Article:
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This Week in History

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October 8, 1932: The Uniform State Narcotics Act is passed, endorsed by the federal Bureau of Narcotics as an alternative to federal laws. By 1937 every state prohibits marijuana use.

October 12, 1984: The Comprehensive Crime Control Act becomes law, establishing federal "mandatory minimum" sentencing guidelines eliminating judges' discretion when handing down prison terms. Over the next two years drug sentences increase by 71% nationwide.

October 7, 1989: Former US Secretary of State George P. Shultz tells an alumni gathering at Stanford Business School, "It seems to me we're not really going to get anywhere until we can take the criminality out of the drug business and the incentives for criminality out of it. Frankly, the only way I can think of to accomplish this is to make it possible for addicts to buy drugs at some regulated place at a price that approximates their cost... We need at least to consider and examine forms of controlled legalization of drugs... No politician wants to say what I have just said, not for a minute."

October 6, 2000: Former US President Bill Clinton is quoted in Rolling Stone: "I think that most small amounts of marijuana have been decriminalized in some places, and should be."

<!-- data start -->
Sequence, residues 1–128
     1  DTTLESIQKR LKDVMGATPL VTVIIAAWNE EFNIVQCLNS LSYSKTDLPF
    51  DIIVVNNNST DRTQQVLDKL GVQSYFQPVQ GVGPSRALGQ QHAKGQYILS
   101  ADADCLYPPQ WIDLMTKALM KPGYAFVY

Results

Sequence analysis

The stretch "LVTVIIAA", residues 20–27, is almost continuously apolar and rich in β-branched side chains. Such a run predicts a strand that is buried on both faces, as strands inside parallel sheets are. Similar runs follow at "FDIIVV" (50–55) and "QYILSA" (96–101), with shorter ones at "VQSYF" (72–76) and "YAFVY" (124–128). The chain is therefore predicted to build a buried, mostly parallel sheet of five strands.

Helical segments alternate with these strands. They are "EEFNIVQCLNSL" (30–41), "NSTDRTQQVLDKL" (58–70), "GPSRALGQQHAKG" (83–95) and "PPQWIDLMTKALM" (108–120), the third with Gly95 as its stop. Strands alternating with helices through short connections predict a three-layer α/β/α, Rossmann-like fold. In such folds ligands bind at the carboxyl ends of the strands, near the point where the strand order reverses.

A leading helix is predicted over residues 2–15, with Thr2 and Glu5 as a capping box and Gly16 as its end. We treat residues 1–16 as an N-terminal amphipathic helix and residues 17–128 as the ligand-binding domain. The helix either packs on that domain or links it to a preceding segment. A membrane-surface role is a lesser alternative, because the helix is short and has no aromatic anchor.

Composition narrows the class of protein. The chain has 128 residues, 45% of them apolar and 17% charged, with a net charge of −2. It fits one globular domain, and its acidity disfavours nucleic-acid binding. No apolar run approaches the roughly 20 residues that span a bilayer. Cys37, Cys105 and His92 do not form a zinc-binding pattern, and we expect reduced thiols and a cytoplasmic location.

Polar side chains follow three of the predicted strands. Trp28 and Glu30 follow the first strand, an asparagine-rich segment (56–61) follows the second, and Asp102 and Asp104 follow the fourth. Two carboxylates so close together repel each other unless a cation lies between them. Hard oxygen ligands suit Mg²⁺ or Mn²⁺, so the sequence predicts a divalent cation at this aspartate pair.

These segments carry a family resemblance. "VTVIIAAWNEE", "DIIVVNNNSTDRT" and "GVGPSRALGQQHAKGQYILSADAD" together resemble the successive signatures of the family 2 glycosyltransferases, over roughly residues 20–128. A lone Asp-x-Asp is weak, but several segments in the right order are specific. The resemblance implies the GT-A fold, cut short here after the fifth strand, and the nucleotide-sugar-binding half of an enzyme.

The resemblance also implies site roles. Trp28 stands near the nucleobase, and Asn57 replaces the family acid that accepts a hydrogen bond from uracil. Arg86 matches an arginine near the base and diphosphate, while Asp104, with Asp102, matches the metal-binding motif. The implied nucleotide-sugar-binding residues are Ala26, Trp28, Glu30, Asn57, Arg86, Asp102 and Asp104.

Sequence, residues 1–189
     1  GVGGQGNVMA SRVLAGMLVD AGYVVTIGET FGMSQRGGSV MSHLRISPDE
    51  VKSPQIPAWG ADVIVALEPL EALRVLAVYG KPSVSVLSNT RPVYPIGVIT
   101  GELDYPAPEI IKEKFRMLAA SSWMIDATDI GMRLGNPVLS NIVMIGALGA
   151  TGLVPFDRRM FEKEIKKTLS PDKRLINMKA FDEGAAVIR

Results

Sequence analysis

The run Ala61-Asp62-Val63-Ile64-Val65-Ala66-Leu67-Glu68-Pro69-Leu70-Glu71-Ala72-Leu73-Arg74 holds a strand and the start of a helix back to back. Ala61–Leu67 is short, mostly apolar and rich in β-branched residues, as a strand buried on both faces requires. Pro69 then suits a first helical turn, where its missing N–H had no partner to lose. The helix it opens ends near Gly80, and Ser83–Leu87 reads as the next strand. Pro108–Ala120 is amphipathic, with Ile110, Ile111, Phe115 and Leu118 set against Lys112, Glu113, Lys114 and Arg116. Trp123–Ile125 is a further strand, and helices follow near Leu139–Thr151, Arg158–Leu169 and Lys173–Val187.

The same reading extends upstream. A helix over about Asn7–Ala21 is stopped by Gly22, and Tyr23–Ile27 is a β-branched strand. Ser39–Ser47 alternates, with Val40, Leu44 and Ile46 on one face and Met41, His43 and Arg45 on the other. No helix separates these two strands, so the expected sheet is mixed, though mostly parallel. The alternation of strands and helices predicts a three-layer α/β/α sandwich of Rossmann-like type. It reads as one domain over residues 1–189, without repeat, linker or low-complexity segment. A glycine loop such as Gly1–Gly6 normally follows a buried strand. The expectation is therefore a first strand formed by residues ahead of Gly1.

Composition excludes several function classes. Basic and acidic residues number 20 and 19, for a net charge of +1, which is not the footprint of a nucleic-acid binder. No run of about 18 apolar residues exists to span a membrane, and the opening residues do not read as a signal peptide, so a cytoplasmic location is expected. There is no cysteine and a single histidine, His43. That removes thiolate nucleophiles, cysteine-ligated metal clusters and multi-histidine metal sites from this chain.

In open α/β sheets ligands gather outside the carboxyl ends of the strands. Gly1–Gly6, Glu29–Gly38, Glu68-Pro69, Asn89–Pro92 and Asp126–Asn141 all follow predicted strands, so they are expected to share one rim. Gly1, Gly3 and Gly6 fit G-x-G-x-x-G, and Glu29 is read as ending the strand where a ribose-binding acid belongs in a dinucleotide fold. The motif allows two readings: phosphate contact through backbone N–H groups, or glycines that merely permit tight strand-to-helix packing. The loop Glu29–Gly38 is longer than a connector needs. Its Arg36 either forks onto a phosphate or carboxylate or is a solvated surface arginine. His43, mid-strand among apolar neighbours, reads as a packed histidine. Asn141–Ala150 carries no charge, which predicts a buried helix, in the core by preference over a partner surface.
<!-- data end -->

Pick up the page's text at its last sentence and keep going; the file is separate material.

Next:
October 9, 2000: PBS begins a special two-day program entitled "Drug Wars." The series examines America's ceaseless efforts over the past three decades to stop the flow of illegal drugs into the country, and shows how the drug war wastes hundreds of billions of dollars, alters the criminal justice system, puts millions of people in jail, and allows organized crime to thrive.

October 10, 2002: Drug Czar John Walters travels to Las Vegas, Nevada and begins two days of making appearances around the state illegally lobbying against Question 9, a proposal to amend the state constitution by making the possession of three ounces or less of marijuana legal for adults. The measure is defeated at the polls the following month.

October 7, 2003: Comedian Tommy Chong begins a nine-month federal prison sentence for operating a glass blowing shop that sold pipes to marijuana smokers.

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Tommy Chong - Federal Inmate number...

Wow! Tommy Chong a federal prisoner for glass-blowing crimes,  a true measure of misguided priorities.

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